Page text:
Amnesty Report: Women in Afghanistan Increasingly Unprotected


As of: December 6th, 2021 4:13 a.m.

For almost 20 years, women’s shelters in Afghanistan have been a haven for thousands of girls and women who wanted to escape violence. According to a report by Amnesty International, little of it remained.

In Afghanistan it has become almost impossible for female victims of violence to get help since the militant Islamist Taliban came to power, according to Amnesty International (AI). Support networks for survivors of intimate partner violence or places of refuge such as women’s shelters have all but disappeared, according to a report published by the human rights organization.

The Taliban took over military power in Afghanistan in mid-August. Since then, the Islamists have noticeably restricted women’s rights. According to the AI ​​report, they also closed women’s shelters and released prisoners from prisons, many of whom were convicted of gender-based violence. Former residents of women’s shelters as well as employees of protection facilities as well as lawyers, judges or government officials involved in the protection services are now in danger.

Amnesty calls for the emergency shelters to be reopened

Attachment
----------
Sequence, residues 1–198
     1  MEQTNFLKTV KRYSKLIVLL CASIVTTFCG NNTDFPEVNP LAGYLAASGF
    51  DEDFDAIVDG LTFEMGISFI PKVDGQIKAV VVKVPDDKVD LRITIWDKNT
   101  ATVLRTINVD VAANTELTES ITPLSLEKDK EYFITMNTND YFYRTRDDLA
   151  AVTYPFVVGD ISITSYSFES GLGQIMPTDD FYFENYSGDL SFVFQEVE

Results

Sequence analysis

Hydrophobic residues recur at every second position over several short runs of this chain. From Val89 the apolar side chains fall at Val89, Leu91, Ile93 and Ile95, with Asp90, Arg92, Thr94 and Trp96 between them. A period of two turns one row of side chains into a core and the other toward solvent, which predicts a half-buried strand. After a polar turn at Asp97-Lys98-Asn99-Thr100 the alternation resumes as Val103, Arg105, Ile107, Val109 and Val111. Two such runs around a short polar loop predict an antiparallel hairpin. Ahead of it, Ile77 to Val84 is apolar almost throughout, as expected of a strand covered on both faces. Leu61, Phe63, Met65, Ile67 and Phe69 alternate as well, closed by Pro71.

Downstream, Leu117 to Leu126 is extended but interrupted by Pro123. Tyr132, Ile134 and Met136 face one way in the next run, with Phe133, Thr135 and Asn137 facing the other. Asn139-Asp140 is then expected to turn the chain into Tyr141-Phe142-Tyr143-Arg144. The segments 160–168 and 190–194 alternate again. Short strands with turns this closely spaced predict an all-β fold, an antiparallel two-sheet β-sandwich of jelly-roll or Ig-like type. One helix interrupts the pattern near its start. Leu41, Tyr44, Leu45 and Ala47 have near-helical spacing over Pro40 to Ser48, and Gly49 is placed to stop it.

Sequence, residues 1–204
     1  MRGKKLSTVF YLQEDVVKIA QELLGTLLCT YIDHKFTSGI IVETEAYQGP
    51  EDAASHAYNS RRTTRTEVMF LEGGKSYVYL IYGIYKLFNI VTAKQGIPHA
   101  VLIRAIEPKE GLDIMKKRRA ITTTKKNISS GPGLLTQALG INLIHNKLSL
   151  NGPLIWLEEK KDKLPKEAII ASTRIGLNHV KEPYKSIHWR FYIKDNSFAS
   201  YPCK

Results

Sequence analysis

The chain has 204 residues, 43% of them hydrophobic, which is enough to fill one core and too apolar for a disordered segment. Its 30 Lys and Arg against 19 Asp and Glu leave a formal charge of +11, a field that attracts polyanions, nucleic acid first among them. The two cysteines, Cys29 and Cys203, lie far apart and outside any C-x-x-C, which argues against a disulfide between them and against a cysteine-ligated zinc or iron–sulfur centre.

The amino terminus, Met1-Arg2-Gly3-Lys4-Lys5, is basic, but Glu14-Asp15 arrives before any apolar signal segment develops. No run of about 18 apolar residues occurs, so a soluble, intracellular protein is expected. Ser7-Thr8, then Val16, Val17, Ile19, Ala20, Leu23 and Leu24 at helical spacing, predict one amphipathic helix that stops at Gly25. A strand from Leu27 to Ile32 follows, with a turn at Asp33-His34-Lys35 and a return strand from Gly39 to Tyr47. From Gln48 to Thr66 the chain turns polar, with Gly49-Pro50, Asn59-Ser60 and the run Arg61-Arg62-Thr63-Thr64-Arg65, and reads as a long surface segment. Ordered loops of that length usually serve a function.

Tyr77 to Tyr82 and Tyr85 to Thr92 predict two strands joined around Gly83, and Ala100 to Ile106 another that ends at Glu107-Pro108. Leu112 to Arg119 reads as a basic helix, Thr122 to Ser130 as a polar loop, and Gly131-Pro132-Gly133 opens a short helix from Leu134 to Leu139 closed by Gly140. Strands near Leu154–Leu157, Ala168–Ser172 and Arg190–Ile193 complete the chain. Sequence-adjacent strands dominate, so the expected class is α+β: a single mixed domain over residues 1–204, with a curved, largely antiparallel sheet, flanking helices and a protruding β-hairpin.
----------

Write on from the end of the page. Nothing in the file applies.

The women’s shelters had to send women and girls back to their families, other victims were forcibly removed by their family members, the report said. Others have since ended up on the street. AI had also received credible reports that the Taliban had taken affected women to prisons.

AI General Secretary Agnès Callamard called on the Taliban to allow and support the reopening of emergency shelters. The international community should also finance such protection services immediately and in the long term. In Afghanistan, according to the UN, nine out of ten women experience at least some form of intimate partner violence in their lifetime. Before the Taliban came to power, thousands of women turned to a nationwide network of women’s shelters and service providers who supported them with legal advice, lawyers, medical or psychosocial help.

Ministry of Women dissolved

An Afghan woman nine months pregnant told Al that her husband had picked up everything he could find and hit her with it. “Whenever he hit me, his family would meet and watch. It happened almost every day.” According to AI, the woman was looking for a safe place to live. There used to be a women’s shelter, but she was told it was closed and that no new cases were being accepted.

Benafscha Efaf from the Afghan women’s rights organization Women for Afghan Women (WAW) told the German Press Agency that there had also been a lot of headwind from the previous government. “But at least back then we had the support of the Ministry of Women and many elders. Those were relationships that we had built up over the years.” WAW is one of six organizations that run women’s shelters in Afghanistan.

The Ministry of Women has now been dissolved by the Taliban, and the women’s shelters have been closed by the WAW itself.


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